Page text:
If any one maintains that the blond long-headed people, among whom, by the hypothesis, the primitive Aryan language was generated, may have formed a separate race as far back as the Pleistocene epoch, when the first unquestionable records of man make their appearance, I do not see that he goes beyond possibility—though, of course, that is a very different thing from proving his case. But, if the blond long-heads are thus ancient, the problem of their primitive seat puts on an altogether new aspect. Speculation must take into account climatal and geographical conditions widely different from those which obtain in northern Eurasia at the present day. During much of the vast length of the Pleistocene period, it would seem that men could no more have lived either in Britain north of the Thames, or in Scandinavia, or in northern Germany, or in northern Russia, than they can live now in the interior of Greenland, seeing that the land was covered by a great ice sheet like that which at present shrouds the latter country. At that epoch, the blond long-heads can not reasonably be supposed to have occupied the regions in which we meet with them in the oldest times of which history has kept a record.

But even if we are content to assume a vastly less antiquity for the Aryan race; if we only make the assumption, for which there is considerable positive warranty, that it has existed in Europe ever since the end of the Pleistocene period—when the fauna and flora assumed approximately their present condition and the state of things called Recent by geologists set in—we have to reckon with a distribution of land and water, not only very different from that which at present obtains in northern Eurasia, but of such a nature that it can hardly fail to have exerted a great influence on the development and the distribution of the races of mankind.—Nineteenth Century.

[To be continued.]

  1. Schrader, Prehistoric Antiquities of the Aryan Peoples. Translated by F. B. Jevons, M. A., 1890. Taylor, The Origin of the Aryans, 1890.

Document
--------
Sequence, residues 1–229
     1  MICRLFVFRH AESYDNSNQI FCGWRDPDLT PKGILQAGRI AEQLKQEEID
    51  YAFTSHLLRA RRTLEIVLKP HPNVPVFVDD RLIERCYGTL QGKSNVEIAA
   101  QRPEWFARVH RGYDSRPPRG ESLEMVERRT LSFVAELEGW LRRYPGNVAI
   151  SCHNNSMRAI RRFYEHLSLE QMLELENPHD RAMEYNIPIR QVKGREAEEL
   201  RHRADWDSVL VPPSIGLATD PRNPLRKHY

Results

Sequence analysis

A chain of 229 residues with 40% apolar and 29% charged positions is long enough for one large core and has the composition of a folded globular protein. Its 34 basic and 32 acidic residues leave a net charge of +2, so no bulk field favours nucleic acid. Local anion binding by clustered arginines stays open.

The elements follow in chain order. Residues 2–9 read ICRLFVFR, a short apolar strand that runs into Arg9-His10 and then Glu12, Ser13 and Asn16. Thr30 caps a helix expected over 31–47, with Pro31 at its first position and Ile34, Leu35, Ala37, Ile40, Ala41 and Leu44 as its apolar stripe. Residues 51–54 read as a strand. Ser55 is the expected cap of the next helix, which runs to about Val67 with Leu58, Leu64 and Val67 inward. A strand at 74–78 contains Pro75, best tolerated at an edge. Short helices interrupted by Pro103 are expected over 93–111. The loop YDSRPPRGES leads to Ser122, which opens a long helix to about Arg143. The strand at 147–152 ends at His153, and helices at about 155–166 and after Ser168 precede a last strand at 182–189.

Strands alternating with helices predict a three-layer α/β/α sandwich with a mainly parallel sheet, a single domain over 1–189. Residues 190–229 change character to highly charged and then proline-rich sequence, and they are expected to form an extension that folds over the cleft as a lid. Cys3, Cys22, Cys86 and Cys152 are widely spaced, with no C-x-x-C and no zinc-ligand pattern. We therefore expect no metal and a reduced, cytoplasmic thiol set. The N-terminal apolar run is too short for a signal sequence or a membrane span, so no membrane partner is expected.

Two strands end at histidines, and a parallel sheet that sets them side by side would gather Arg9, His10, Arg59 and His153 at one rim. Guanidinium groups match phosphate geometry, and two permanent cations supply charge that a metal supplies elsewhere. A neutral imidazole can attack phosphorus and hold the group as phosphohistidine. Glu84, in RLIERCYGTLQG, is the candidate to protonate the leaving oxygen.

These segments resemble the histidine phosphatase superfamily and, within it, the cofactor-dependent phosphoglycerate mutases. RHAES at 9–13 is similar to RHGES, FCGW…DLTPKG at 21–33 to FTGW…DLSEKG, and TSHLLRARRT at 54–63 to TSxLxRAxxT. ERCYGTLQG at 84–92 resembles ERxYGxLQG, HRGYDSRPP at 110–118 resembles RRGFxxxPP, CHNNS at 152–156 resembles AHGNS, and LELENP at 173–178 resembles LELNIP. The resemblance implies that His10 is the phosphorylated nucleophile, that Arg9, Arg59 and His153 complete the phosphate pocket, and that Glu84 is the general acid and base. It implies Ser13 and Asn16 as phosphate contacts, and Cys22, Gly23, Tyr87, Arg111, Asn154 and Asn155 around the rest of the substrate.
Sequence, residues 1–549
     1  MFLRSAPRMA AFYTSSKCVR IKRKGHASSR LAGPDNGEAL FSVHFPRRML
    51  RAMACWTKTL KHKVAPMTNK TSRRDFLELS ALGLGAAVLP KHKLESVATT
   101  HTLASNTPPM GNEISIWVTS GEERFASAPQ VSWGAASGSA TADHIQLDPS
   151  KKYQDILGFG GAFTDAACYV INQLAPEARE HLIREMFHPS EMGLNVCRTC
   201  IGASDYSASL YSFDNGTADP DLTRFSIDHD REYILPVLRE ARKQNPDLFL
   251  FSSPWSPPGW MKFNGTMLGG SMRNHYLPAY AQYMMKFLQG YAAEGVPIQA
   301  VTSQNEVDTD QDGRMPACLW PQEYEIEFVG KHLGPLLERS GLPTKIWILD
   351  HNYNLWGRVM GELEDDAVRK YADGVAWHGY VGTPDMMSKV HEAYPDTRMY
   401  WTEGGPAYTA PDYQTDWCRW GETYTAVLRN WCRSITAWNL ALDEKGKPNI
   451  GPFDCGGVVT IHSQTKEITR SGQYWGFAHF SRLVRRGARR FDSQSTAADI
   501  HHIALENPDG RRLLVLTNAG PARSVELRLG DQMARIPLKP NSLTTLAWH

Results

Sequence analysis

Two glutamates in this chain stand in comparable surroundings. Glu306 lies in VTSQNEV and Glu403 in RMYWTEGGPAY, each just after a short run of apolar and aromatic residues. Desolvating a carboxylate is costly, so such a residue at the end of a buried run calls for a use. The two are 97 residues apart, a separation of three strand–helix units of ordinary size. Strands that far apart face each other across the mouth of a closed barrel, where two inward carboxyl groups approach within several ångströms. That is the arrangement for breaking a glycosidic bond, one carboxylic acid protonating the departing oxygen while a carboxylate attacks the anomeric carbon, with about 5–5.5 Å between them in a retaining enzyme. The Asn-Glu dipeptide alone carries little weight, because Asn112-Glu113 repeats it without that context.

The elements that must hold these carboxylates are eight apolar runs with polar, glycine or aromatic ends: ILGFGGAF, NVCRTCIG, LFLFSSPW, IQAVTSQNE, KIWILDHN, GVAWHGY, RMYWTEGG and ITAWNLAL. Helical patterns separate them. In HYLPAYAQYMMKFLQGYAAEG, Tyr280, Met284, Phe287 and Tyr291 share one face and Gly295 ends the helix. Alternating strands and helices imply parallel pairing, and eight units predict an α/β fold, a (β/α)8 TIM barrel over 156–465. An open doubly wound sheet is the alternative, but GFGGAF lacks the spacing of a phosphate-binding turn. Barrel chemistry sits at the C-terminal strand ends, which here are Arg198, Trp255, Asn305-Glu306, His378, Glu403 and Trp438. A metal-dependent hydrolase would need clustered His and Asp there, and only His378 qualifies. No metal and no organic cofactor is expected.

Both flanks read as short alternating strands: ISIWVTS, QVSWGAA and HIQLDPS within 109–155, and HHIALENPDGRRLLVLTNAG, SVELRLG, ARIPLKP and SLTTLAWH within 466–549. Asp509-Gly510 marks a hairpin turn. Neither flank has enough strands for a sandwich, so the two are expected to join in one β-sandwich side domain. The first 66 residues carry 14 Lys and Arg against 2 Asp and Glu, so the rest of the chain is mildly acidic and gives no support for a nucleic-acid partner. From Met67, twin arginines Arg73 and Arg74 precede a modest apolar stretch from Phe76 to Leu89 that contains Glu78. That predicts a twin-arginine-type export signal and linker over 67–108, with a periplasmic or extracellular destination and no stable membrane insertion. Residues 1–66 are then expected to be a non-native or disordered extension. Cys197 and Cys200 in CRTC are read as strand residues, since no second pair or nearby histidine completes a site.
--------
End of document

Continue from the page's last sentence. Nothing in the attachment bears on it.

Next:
2. Canon Taylor (Origin of the Aryans, p. 31) states that "Cuno... was the first to insist on what is now looked on as an axiom in ethnology that race is not coextensive with language," in a work published in 1871. I may be permitted to quote a passage from a lecture delivered on the 9th of January, 1870, which brought me into a great deal of trouble. "Physical, mental, and moral peculiarities go with blood and not with language.
  3. In the United States the negroes have spoken English for generations; but no one on that ground would call them Englishmen, or expect them to differ physically, mentally, or morally from other negroes." (Pall Mall Gazette, January 10, 1870.) But the "axiom in ethnology" had been implied, if not enunciated, before my time; for example, by Ecker in 1865.
    I am unable to discover good grounds for the severity of the criticism, in the name of "the anthropologists," with which Prof. Max Müller's assertion that the same blood runs in the veins of English soldiers "as in the veins of the dark Bengalese," and that there is "a legitimate relationship between Hindoo, Greek, and Teuton," has been visited. So far as I know anything about anthropology, I should say that these statements may be correct literally, and probably arc so substantially. I do not know of any good reason for the physical differences between a high-caste Hindoo and a Dravidian, except the Aryan blood in the veins of the former; and the strength of the infusion is probably quite as great in some Hindoos as in some English soldiers.
  4. I may plead the precedent of the good English words "block-head" and "thickhead" for "broad-head" and "long-head," but I can not say that they are elegant. I might have employed the technical terms brachycephali and dolichocephali. But it can not be said that they are much more graceful; and, moreover, they are sometimes employed in senses different from that which I have given in the definition of broad-heads and long-heads. The cephalic index is a number which expresses the relation of the breadth to the length of a skull, taking the latter as 100. Therefore, "broad-heads" have the cephalic index above 80 and "long-heads" have it below SO. The physiological value of the difference is unknown; its morphological value depends upon the observed fact of the constancy of the occurrence of either long skulls or broad skulls among large bodies of mankind.
  5. Die Italiker in der Poebene, 1879. See, for much valuable information respecting the races of the Balkan and Italic Peninsulæ, Zampa's essay, Vergleiehende anthropologische Ethnographie von Apulien, Zeitschrift für Ethnologie, xviii, 1886.